Motorist alleges that this statement from Lester was obiter dictum and fails to specifically address the phrase "in tort actions" as used in section 408.040.2. He instead cites the dissenting opinion in Harrison v. Purdy Brothers Trucking Co., Inc., 312 F.3d 346 (8th Cir. 2002), as authority for his position that the statute contemplates suit first being filed before the offer under section 408.040.2 is made. This Court's reasoning in Lester, however, is applicable to this case. The transmittal of a certified letter offering to settle a tort claim before the filing of a lawsuit for the alleged tortious conduct referenced in the letter is sufficient to activate the provisions of section 408.040.2, provided that the necessary requirements of the statute are satisfied. The phrase "in tort actions" is intended to limit the application of section 408.040.2 to tort actions, as opposed to other causes of action. The phrase is a pronouncement that prejudgment interest is available in tort cases only and is not intended to qualify when the offer or demand must be made.
B. Was the offer to settle left open for 60 days as required by section 408.040.2?
Motorist contends that Passenger is further not entitled to an award for prejudgment interest because his settlement offer was not left open for 60 days as required under section 408.040.2. Passenger's letter to Motorist's insurer stated that "[i]n accordance with that statute, this offer to settle is open for sixty (60) days from the date of this letter." Motorist alleges that Geico did not have 60 days to evaluate Passenger's offer because the letter was received seven days after the offer to settle was mailed. He argues that the offer was thereby left open for only 53 days, failing to satisfy the section 408.040.2 60-day requirement and preventing Passenger from collecting prejudgment interest. Passenger responds, however, that Motorist has waived this issue and cannot raise it on appeal because he failed to present any arguments to the trial court suggesting that the offer was not kept open for 60 days. An issue that was never presented to or decided by the trial court is not preserved for appellate review. State ex rel. Nixon v. American Tobacco Co., Inc., 34 S.W.3d 122, 129 (Mo. banc 2000).
The trial court found in its judgment that Passenger complied with section 408.040.2, thereby invoking the court's authority to award prejudgment interest. Motorist filed a motion to amend the judgment by eliminating the award of prejudgment interest for reasons stated in suggestions filed contemporaneously with his motion. His motion to amend did not raise the issue that the settlement offer did not remain open for 60 days. Instead, his suggestions filed in support of his motion to amend stated: "[Passenger] left his offer open for sixty (60) days as set forth in section 408.040.2." Motorist's acknowledgment in his suggestions that Passenger's offer remained open for 60 days waived any claim Motorist now raises as to this issue.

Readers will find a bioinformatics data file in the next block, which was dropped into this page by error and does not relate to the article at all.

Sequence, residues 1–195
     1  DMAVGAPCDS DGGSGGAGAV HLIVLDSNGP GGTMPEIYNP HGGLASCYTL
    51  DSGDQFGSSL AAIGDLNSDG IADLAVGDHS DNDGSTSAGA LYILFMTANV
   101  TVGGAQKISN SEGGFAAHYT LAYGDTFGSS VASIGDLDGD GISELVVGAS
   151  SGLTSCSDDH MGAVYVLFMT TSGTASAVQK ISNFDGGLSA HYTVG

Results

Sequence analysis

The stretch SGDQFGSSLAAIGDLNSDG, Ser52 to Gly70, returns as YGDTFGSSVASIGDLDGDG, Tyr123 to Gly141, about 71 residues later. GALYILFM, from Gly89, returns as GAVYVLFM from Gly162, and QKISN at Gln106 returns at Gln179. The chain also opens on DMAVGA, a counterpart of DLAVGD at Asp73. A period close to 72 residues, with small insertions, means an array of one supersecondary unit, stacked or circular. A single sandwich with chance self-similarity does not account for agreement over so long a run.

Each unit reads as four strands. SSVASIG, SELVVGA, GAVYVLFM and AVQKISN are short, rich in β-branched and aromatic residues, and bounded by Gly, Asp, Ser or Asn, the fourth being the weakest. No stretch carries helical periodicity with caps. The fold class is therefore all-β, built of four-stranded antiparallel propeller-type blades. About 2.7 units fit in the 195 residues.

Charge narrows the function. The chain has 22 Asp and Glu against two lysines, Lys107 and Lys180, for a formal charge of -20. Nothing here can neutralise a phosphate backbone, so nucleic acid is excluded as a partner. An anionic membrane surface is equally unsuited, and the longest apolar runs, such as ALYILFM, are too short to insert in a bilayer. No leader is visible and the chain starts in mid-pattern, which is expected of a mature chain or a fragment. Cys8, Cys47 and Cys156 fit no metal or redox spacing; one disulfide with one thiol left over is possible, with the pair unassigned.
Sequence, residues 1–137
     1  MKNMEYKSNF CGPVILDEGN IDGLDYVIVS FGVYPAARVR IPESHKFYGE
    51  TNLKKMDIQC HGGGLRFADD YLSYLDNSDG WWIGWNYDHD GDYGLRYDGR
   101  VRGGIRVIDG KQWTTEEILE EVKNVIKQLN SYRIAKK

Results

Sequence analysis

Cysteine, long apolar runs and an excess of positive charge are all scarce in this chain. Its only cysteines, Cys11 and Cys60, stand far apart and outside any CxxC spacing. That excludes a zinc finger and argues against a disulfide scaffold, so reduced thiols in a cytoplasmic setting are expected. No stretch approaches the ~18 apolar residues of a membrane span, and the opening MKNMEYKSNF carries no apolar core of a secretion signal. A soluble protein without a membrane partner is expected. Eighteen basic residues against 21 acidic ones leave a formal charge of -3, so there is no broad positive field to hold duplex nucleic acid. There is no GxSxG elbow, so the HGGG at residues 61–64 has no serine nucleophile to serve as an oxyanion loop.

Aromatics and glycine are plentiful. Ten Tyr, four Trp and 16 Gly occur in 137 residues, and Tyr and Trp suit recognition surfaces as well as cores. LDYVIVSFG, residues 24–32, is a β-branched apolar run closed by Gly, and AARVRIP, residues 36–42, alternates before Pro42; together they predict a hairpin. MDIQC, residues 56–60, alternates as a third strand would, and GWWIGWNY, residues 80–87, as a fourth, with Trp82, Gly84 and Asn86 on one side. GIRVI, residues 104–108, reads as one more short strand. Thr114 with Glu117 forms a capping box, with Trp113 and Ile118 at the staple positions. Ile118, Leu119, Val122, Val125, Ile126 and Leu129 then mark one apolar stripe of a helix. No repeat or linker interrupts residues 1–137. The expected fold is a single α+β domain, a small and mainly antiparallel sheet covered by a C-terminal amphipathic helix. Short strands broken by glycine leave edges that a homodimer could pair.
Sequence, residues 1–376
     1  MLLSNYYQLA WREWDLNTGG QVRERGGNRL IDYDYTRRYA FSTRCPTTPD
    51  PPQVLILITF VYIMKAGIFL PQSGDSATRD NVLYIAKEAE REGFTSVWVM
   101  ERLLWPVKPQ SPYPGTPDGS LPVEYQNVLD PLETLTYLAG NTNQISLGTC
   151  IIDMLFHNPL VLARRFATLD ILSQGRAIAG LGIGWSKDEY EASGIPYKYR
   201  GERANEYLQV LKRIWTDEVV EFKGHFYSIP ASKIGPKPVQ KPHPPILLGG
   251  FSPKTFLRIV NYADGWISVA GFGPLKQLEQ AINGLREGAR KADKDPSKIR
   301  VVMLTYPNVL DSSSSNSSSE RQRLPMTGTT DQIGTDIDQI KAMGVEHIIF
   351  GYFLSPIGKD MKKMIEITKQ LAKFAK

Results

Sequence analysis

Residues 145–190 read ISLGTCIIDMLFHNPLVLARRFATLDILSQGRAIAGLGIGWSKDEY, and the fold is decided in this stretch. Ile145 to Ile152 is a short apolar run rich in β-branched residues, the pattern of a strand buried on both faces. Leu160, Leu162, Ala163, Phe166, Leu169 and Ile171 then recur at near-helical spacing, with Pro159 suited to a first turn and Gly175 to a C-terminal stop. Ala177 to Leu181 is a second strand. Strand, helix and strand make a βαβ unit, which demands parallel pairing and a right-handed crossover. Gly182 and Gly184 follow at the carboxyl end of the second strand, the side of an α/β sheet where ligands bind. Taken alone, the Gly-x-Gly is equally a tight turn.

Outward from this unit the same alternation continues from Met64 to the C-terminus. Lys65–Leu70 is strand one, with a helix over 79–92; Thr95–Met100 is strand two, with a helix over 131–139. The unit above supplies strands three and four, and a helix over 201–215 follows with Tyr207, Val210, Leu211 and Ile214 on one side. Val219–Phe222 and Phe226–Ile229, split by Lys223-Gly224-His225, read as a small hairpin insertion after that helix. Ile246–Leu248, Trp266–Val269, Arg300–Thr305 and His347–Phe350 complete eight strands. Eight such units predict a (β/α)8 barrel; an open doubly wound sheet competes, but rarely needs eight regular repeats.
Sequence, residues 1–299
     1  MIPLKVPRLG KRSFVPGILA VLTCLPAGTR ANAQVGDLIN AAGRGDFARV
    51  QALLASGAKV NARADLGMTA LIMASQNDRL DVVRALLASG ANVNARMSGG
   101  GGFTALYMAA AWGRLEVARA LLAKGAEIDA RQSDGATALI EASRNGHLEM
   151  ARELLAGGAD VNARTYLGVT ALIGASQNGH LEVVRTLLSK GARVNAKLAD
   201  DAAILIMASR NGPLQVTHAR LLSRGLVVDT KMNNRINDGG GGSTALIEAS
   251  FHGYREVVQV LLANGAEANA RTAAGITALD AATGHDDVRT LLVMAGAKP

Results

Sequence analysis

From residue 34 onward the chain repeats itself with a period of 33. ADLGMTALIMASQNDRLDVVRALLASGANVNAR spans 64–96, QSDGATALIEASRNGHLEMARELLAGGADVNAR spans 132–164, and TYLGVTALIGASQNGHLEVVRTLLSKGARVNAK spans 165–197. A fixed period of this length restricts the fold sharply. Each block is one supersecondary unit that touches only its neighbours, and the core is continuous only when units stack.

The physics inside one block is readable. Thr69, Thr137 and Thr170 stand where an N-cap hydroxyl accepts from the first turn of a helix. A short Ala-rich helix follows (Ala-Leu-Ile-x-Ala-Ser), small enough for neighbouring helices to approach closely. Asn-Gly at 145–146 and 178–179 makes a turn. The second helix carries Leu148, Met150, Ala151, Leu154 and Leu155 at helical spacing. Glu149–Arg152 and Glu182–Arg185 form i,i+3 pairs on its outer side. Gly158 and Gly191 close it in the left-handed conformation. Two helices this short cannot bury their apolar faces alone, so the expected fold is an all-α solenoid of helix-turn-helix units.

Motorist further argues, however, that even if he is raising the 60-day issue for the first time, this Court should afford this issue plain error review. This Court will generally not convict a lower court of error on an issue that was not put before it to decide. Lincoln Credit Co. v. Peach, 636 S.W.2d 31, 36 (Mo. banc 1982). The requisite showing to support plain error review is not demonstrated in this case. See Rule 84.13(c).
C. Did the application of section 408.040.2 violate Motorist's due process rights?
Motorist finally argues that the trial court erred in overruling his motion to amend the judgment because the trial court's application of section 408.040.2 to award Passenger prejudgment interest violated Motorist's due process rights. Motorist argues his due process rights were violated in that he was given neither a hearing nor an opportunity to contest Passenger's delay in filing his action against Motorist.
This Court noted in Lester that section 408.040.2 does not provide for a hearing or other means for contesting a plaintiff's delay in bringing his action. Lester, 850 S.W.2d at 873. The issue of the statute's failure to provide a hearing was not addressed in Lester, however, because the defendant in that case had not alleged delay. Id. Similarly, this Court need not address Motorist's constitutional arguments in that at no time before Motorist filed his motion to amend the judgment did he assert that section 408.040.2 was unconstitutional for its failure to provide him a hearing or other means to contest Passenger's delay in bringing this action.
"Constitutional issues are waived unless raised at the earliest possible opportunity consistent with orderly procedure." Hollis v. Blevins, 926 S.W.2d 683, 683 (Mo. banc 1996). The record reveals that Motorist did not timely raise this issue before the trial court entered judgment. As such, this argument was waived.
Motorist has failed to show that prejudgment interest should not have been awarded in this case. The trial court did not err in overruling Motorist's motion to amend the judgment to eliminate prejudgment interest.
WHITE, C.J., WOLFF, STITH, TEITELMAN and LIMBAUGH, JJ., concur.
PRICE, J., not participating.